There is no safeguard that the TSA would not pass this information to third countries. This has been a particularly difficult issue for some Canadians, Maher Arar being a case in point. There is no guarantee that the TSA would not use the information for profiling Canadians to put them on its watch list or the no-fly list.
Ms. Des Rosiers went on to say:
I would mention to the committee that in the United States the no fly list is under a constitutional review as we speak. It has been challenged because there are too many false positives arising.
It is interesting to note that Nathalie Des Rosiers does point out that it is under review in the United States.
We also had some interesting testimony at committee from the Liberty Coalition, a U.S.-based civil liberties organization, represented by Edward Hasbrouck. He said:
Unlike the case in Canada, where someone denied travel is given formal notice of that decision and has rights to appeal it, those no-fly orders in the U.S. are entirely extrajudicial. No one in the U.S. has yet obtained court review by any U.S. court of a no-fly order. It is U.S. government policy not even to admit that they have issued such an order, and that includes those denying passage on flights overflying the U.S. that were not scheduled to land.
The former Secretary of Homeland Secretary, Michael Chertoff, is on the public record as saying he believed that no-fly decisions should not be subject to judicial review, and the current U.S. administration has done nothing to repudiate that perspective
While the consequences for anyone are very serious, including those U.S. citizens trapped abroad who are currently unable to return because they are not allowed to fly and have no other way back to the U.S., they are perhaps most draconian for refugees and asylum seekers.
We should be very clear that the enactment of Bill C-42 would grant the U.S. government de facto veto power over the ability of virtually anyone to obtain sanctuary in Canada, since in most cases it is impossible to get to Canada to make a claim for political asylum or refugee status without overflying the U.S. That power of the U.S. would be exercised at the worst possible point, while a refugee is subject to the persecution of a regime they are trying to flee.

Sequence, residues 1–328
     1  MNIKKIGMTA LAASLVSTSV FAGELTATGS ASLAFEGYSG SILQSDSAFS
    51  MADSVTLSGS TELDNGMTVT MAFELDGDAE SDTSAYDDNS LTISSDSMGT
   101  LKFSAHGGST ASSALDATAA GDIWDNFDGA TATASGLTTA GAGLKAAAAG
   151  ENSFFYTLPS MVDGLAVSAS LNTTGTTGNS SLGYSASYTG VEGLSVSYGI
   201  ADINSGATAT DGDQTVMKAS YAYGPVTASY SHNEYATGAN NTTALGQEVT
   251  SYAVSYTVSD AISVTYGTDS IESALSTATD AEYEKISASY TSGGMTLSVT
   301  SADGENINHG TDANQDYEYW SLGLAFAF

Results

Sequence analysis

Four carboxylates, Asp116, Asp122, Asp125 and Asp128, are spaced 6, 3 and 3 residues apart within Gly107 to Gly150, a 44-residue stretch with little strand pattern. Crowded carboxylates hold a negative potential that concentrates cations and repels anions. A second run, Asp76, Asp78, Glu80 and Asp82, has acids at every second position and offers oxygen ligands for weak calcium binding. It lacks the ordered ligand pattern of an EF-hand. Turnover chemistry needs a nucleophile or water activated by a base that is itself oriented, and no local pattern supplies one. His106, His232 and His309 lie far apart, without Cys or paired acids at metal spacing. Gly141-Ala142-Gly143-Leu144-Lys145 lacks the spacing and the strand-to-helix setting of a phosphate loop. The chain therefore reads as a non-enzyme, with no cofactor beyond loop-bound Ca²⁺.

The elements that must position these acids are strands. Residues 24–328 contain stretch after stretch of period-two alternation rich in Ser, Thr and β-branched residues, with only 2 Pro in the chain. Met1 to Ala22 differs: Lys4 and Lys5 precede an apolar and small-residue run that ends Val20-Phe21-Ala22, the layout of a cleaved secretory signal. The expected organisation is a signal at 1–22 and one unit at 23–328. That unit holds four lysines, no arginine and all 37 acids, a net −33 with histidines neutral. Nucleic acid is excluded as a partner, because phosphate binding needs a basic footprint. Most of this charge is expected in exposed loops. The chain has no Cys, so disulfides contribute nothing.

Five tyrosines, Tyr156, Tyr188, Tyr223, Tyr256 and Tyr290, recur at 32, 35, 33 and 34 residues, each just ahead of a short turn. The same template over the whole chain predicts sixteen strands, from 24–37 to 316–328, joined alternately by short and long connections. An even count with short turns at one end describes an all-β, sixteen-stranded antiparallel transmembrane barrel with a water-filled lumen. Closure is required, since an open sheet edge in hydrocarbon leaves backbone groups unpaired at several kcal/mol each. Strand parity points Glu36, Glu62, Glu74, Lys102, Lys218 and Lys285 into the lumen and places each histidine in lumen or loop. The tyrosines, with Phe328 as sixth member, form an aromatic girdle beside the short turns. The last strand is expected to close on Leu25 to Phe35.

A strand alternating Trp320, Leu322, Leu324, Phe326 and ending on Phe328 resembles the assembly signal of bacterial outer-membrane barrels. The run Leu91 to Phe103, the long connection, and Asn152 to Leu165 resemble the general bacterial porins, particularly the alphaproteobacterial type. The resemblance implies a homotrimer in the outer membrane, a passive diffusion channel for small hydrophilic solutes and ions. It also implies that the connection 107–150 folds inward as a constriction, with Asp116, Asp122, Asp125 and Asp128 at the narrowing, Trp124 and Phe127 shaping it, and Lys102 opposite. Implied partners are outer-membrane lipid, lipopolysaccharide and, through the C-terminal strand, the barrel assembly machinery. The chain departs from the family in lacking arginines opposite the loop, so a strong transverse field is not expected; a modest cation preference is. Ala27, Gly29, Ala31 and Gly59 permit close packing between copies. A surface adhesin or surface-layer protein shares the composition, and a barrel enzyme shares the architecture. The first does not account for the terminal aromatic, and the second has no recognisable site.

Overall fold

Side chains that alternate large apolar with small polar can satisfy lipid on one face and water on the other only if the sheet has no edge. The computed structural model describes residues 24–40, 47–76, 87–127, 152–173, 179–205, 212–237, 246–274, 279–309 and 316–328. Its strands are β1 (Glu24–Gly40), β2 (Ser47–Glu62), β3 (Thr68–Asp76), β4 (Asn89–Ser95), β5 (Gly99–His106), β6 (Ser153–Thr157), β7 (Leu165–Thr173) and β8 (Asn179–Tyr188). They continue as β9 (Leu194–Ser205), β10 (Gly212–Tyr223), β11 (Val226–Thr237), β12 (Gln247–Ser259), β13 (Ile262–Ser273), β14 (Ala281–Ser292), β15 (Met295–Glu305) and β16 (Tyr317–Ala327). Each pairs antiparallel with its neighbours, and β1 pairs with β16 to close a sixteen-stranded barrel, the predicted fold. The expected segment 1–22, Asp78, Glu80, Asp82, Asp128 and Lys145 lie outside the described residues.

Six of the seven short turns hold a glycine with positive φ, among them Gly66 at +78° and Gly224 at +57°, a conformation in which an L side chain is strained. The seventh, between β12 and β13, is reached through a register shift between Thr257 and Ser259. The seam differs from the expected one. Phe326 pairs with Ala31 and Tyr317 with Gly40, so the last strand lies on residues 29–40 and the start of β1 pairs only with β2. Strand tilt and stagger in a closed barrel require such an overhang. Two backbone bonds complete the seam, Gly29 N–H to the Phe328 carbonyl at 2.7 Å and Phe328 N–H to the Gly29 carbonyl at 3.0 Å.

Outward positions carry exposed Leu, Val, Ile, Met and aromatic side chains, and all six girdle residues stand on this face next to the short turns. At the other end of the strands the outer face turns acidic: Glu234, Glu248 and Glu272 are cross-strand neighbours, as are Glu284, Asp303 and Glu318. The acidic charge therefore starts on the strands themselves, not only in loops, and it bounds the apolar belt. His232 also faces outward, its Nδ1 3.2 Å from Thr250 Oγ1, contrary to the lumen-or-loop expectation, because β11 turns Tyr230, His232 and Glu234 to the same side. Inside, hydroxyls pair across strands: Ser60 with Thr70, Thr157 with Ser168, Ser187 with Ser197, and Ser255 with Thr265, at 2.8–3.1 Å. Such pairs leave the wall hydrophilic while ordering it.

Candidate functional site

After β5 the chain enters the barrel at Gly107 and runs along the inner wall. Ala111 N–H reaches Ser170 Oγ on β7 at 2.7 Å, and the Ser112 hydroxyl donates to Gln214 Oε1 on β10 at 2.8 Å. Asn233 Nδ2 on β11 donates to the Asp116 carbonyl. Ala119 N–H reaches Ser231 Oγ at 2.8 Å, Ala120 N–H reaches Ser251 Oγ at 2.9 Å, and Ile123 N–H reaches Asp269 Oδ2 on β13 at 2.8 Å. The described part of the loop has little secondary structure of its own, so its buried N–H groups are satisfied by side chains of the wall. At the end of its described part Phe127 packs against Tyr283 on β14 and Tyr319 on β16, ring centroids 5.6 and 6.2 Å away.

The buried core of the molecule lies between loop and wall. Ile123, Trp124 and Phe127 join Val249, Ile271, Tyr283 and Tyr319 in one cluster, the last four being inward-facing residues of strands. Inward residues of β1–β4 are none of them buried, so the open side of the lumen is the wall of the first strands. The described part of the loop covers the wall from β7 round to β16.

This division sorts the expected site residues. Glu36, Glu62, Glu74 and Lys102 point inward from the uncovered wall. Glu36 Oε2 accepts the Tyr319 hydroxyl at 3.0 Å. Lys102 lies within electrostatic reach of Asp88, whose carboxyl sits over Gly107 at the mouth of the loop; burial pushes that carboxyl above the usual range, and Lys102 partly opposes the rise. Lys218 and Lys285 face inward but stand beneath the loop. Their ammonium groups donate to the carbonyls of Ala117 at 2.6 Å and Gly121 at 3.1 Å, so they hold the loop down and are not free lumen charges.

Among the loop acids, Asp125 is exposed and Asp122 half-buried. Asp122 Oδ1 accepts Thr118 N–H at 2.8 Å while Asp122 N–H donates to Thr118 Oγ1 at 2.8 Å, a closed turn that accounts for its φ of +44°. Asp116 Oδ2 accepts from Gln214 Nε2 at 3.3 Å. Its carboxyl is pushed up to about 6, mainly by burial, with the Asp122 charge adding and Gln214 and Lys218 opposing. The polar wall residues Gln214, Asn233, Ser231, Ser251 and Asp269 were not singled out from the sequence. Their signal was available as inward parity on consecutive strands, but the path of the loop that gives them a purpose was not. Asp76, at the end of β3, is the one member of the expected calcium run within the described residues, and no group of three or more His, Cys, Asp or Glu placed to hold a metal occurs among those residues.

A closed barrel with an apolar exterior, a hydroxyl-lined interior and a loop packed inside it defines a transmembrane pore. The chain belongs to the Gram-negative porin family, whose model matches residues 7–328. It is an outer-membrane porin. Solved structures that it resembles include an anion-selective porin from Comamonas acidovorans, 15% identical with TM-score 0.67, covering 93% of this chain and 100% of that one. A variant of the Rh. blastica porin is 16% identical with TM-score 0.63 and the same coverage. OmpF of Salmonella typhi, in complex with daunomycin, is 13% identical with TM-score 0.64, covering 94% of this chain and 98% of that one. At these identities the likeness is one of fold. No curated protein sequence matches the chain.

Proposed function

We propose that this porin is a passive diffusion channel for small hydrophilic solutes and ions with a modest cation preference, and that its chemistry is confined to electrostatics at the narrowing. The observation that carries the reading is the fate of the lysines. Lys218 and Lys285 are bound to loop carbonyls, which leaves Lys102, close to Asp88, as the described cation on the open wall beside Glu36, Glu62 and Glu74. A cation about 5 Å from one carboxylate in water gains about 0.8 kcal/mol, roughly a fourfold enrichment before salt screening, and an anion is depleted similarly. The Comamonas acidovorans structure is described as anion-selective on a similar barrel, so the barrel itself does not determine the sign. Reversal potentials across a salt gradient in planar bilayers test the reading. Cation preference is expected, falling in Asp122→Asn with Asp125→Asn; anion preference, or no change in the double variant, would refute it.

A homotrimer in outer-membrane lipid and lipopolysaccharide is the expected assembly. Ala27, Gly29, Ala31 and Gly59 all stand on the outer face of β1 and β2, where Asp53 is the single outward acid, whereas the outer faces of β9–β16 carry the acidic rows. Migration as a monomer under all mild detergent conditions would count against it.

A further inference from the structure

The Liberty Coalition went on to say:
These data are also used for purposes of surveillance of travellers. It is not the case that the information is simply used to make a one-time decision about whether to let you fly. All of your PNRs, even if you are not deemed suspicious and are allowed to fly, will be added to the lifetime travel history and compilation of data already being kept about you as part of the automated targeting system. This includes, as Professor Salter alluded to, a wide range of information. We've been coordinating efforts by individuals in the U.S.—at least, by U.S. citizens, who have some rights in this regard—to request these records. They include, for example, such things as your IP address, who paid for someone else's ticket, what friend's phone number you gave because you were staying at their house when you reconfirmed your reservations, or, in the case of two people travelling together who made their same hotel reservations in the same PNR with their flight reservations, codes indicating whether, behind the closed doors of their hotel room, they asked for one bed or two.
That definitely smacks of all of the terrible accusations of how the mandatory long form census has violated our rights as Canadian citizens. God forbid the government know how many bathroom one has.
Yet, here we are, by law, Bill C-42, allows the government to find out whether a one requests one bed or two.
First of all, it is pretty unbelievable that we would sign on to this. It is shocking that we would. What is even more unbelievable is the incredible hypocrisy of saying no to a long form census that is just trying figure out what the population of Canada looks like, what it is doing, what its needs are and how Canadians are working. This information is to better design programs, to better run the government, to better serve the needs of our people. That is not allowed, yet the U.S. can know who we are sleeping with. It is mind boggling to me.